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“Challengers” releases in theaters on April 26.
Review: “Challengers”
Published April 13, 2024

Gophers rowing, not for the faint of heart

College rowing requires an intense amount of physical and mental strength that often goes overlooked.
The+University+of+Minnesota+Womens+Rowing+Team+hones+their+rowing+technique+on+the+Mississippi.
Image by Daye Stager
The University of Minnesota Women’s Rowing Team hones their rowing technique on the Mississippi.

At 7 a.m., most college students are sound asleep catching up on Z’s they did not get after the previous evening’s studying. But, for the Gophers rowing team, practice is about to start.

Being a college student is hard enough, but being a college student on the rowing team is another challenge entirely. The varsity rowing team arrives at the Irene Claudia Kroll Boathouse for their two-hour practice on the water before the start of their classes.

Rowing at the collegiate level is much more than spending mornings on the water. Head coach Alicea Strodel said athletes must be in prime physical condition to move all the mass that comes with rowing.

“There is just some raw power that is necessary due to the boat having drag and the actual weight of the boat,” Strodel said.

The team maintains an intense training schedule involving both easy and hard days on the water, challenging not only their physical condition but also their mentality.

“Our hard days are hard. Our women will say they’re like an eight to nine out of 10,” Strodel said. “The easy days are not as physically challenging, but can be mentally challenging if we’re working on skilled work.”

When out on the water, the athletes are heavily concentrated on working together to synchronize each stroke and move the boat as one unit. 

With 40 athletes on the varsity team, developing a team dynamic is critical for the athletes to perform well together in the boat. 

Senior Grace Loescher said it can be frustrating to see a boat pass ahead, but at the end of the day, the team shares the common goal of becoming better rowers.

“We’re all rooting for each other rather than getting too focused on personal experience,” Loescher said.

The team runs together, carries out boats together and packs them away together. Loescher said the team will also change up who is in the boats so athletes can get an idea of what it’s like to row with different people.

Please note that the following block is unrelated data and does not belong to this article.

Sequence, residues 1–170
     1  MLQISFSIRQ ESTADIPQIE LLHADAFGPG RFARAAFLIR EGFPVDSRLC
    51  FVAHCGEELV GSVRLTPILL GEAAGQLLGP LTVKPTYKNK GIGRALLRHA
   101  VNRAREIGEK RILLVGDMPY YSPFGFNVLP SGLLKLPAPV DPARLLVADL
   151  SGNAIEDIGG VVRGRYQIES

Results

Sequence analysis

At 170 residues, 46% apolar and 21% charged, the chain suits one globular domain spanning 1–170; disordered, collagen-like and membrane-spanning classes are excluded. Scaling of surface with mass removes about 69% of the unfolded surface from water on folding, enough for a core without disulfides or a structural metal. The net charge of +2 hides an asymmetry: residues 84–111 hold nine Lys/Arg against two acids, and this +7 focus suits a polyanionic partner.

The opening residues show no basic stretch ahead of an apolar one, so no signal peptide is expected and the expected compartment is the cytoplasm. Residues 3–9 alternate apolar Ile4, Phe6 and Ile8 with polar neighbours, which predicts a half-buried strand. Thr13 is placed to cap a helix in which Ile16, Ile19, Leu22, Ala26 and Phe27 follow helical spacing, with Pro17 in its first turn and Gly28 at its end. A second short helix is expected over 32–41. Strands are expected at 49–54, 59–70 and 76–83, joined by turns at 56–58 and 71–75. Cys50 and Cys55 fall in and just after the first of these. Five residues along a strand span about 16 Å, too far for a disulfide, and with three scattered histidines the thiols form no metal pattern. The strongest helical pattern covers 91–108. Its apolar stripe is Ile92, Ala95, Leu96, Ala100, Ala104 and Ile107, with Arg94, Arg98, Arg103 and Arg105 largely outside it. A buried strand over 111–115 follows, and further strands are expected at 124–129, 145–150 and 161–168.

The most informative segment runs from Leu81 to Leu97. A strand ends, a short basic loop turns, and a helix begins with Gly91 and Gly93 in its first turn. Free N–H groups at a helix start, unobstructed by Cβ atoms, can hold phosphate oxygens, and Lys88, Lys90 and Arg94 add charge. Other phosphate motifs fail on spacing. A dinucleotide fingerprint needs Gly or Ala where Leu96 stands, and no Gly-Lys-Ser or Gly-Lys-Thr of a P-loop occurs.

Even though rowing is a seasonal sport that happens in the fall and spring, like many other DI programs, practice is not limited by the season. When it gets too cold to be out on the water, athletes will train indoors in a tank.

The tank has seats that move as if you’re in a boat, which sit in a pool that acts like an infinity pool. It allows athletes to hold an oar and gives them the feeling as if they’re rowing a real boat.

Aside from that, Strodel said the team utilizes rowing machines, bikes and their weight room in the Bierman Athletic Building.

In addition to the more standard offseason training one would see with weights, graduate student Meg Messer said the team sometimes runs stairs at 3M Arena at Mariucci, which allows the team to connect.

“The winter sucks, but it’s a lot of fun as a team to be able to push each other,” Messer said.

The University of Minnesota has access to the Mississippi River right in the backyard of its boathouse. Views of sandstone caves, man-made art and Pennywise the Clown are scattered along the route.

Image by Alex Karwowski

Loescher said the team has dealt with snow, rain and heat during practices. She added learning to battle these conditions well gives them an edge over their competitors.

“We get to come in with this energy and grittiness that [competitors] don’t really have to have defined being in like maybe a nicer climate,” Loescher said. 

Last season, the Gophers finished seventh out of eight at the Big Ten championships. Messer said the team is hoping to capitalize on their performance last season and finish in the top half of the conference. 

“We’d love to get a medal, but we really want to improve on last year,” Messer said. “Getting all boats across the line. Top half would be great.”

Strodel said the team had spent the early parts of the fall focusing on certain parts of their rowing strokes. 

Wednesday and Friday practices are the team’s hard days and involve recording data that is used to create intrasquad competition.

“We’ll send multiple boats out, we’ll switch people around, we’ll see what changes, who’s making it go faster and what that looks like,” Strodel said.

All of the data collection for setting lineups begins upstairs in the boathouse on the rowing machine.

“We use that a lot just for power output and understanding somebody’s physical capacity,” Strodel said.

Athletes will then go out on the water where Strodel figures out the technical component. 

“We want to have the most fit, aggressive, people in the boats,” Strodel said.

One of the biggest challenges for freshman Emily Franke is adjusting to the rowing style. She said she used to row with only one or two people in the boat, so eight was a big transition.

“I’m not used to having to follow anyone really,” Franke said. “It’s a lot of different moving parts.”

The Gophers will take to the water in their first tournament of the season on a river very familiar to them at the 43rd Annual Head of the Mississippi Regatta on Oct. 7.

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